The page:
To determine if someone is lying, you want them to be relaxed and prone to tripping. Spotting a liar is not a game where you receive points for reporting discrepancies. Be patient and act as if you fully believe the story being told.

6. Ask follow-up questions when you sense a specific lie

Now, you’ll want to be subtle here with this technique, but when you feel like a lie has just been told, press it. As innocently as possible. Probe and see if the person becomes uncomfortable or tries to redirect the conversation.

When you feel a weak point, move on. But surprise them by coming back to the subject later. Use the element of surprise as a tool. Ideally, you want to catch the liar in the act. That way it’s not an accusation, you’ve proven their deceit.

7. Beware of sycophancy

Who doesn’t love a compliment? If your subject is too nice and laughs at all your minor jokes and is exceptionally friendly, take advantage of it. But at the same time, beware.

Also, watch out for someone who seems too eager to agree with you. Add to that the forced laughter and general creepy feeling and it’s a heavy hint of inauthenticity.

8. Listen to the repeats

Repeating words and phrases serves two purposes for the liar. First, it is effectively the dead time that allows them to think – it is the timing. Second, there is a mantra quality to such verbal repetition. Not only will repeating the same set of words make it stick in their mind, but it will likely stick in the mind of the person they are lying to.

Repetition is a red flag, a red flag, a red flag.

9. Ask for the story to be told backwards

A common tactic for liars is to create their lies in advance and practice them. Most often, this will be done via a narrative told in chronological order. Memorized enough, the storyteller can become quite adept at repeating their story, sometimes with such panache and effort that the story becomes almost like a memory.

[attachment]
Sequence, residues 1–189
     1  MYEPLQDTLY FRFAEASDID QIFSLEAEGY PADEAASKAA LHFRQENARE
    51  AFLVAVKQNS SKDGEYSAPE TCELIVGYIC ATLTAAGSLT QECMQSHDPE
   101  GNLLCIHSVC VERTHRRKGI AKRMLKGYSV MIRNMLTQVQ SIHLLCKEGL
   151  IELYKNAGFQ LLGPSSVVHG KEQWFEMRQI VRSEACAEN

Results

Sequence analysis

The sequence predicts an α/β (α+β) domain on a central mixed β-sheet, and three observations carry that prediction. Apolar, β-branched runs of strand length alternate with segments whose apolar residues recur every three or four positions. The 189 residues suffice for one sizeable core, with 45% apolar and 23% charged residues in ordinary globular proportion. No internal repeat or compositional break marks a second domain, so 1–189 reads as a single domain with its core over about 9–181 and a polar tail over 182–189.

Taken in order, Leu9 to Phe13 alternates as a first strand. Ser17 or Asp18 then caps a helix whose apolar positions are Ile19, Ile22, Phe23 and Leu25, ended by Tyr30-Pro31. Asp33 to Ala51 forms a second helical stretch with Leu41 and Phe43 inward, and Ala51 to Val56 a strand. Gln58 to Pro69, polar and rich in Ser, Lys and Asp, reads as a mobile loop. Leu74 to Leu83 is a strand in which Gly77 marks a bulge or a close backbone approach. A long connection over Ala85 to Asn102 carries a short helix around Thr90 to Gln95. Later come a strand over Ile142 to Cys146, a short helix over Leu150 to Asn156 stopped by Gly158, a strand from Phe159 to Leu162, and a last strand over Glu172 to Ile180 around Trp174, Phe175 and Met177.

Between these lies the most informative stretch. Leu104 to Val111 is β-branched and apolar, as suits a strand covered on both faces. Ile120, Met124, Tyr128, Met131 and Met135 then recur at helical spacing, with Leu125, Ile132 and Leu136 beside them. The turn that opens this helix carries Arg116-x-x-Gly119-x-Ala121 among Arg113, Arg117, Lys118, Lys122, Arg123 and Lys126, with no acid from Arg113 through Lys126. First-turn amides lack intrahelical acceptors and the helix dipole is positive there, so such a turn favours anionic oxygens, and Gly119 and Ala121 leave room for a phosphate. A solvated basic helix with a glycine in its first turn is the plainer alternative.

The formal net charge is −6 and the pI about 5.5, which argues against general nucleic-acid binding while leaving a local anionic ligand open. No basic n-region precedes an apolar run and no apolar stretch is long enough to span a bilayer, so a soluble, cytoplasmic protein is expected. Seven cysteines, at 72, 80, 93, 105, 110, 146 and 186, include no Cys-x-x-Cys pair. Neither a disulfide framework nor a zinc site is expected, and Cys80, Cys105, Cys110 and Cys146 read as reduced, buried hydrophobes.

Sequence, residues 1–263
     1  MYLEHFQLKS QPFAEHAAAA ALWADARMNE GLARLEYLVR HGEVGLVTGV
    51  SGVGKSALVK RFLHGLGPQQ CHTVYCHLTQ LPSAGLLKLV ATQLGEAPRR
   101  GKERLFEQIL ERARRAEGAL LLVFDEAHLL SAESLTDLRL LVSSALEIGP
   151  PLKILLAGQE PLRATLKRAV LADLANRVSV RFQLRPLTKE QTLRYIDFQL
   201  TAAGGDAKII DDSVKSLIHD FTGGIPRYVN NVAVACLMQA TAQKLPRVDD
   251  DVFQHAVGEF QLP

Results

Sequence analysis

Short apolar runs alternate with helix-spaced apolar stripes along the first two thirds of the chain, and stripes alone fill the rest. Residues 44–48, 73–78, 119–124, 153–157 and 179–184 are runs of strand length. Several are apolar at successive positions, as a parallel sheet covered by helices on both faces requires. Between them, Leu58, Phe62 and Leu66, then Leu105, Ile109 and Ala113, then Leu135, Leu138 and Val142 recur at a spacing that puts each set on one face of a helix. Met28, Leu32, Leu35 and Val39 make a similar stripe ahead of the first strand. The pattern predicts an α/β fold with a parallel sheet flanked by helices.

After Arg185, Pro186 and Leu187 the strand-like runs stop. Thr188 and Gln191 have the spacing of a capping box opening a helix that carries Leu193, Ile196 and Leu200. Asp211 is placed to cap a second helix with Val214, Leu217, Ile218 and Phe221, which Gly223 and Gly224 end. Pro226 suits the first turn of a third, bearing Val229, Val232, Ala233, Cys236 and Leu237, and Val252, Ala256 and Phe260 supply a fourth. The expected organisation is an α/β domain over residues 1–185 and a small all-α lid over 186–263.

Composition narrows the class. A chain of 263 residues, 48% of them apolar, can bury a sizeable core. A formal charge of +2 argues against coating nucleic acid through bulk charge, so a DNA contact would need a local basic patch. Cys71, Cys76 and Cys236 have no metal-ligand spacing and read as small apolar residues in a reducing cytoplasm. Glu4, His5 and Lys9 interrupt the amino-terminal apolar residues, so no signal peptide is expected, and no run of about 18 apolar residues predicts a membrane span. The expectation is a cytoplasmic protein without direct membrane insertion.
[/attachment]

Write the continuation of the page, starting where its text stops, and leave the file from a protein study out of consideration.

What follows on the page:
History must be disrupted. Ask them to cut straight in the middle or at the end. Ask them to say it backwards, maybe. Interrupt their usual flow of storytelling. An honest person should have little or no difficulty jumping along the timeline of events. A liar is likely to flounder unless he is particularly good at verbal deception.

10. It’s all in the eyes

Finally, perhaps the most important tip for anyone trying to become a human polygraph…remember that the eyes are the window to the soul.

There is a common misconception about the relationship between someone who lies and their eye contact. Most people would tell you that if someone avoids looking you in the eye while talking, that indicates dishonesty. It’s not always the case.

There can be a number of reasons why someone isn’t looking at you while talking. However, seasoned liars are usually aware of the common eye contact assumption and will often try to overcompensate. They will try to convince you of their outspokenness by making sure to look deep into your soul.

If you’ve established your baseline well, you may notice this increase in eye contact. They are probably lying to you. And you spotted it.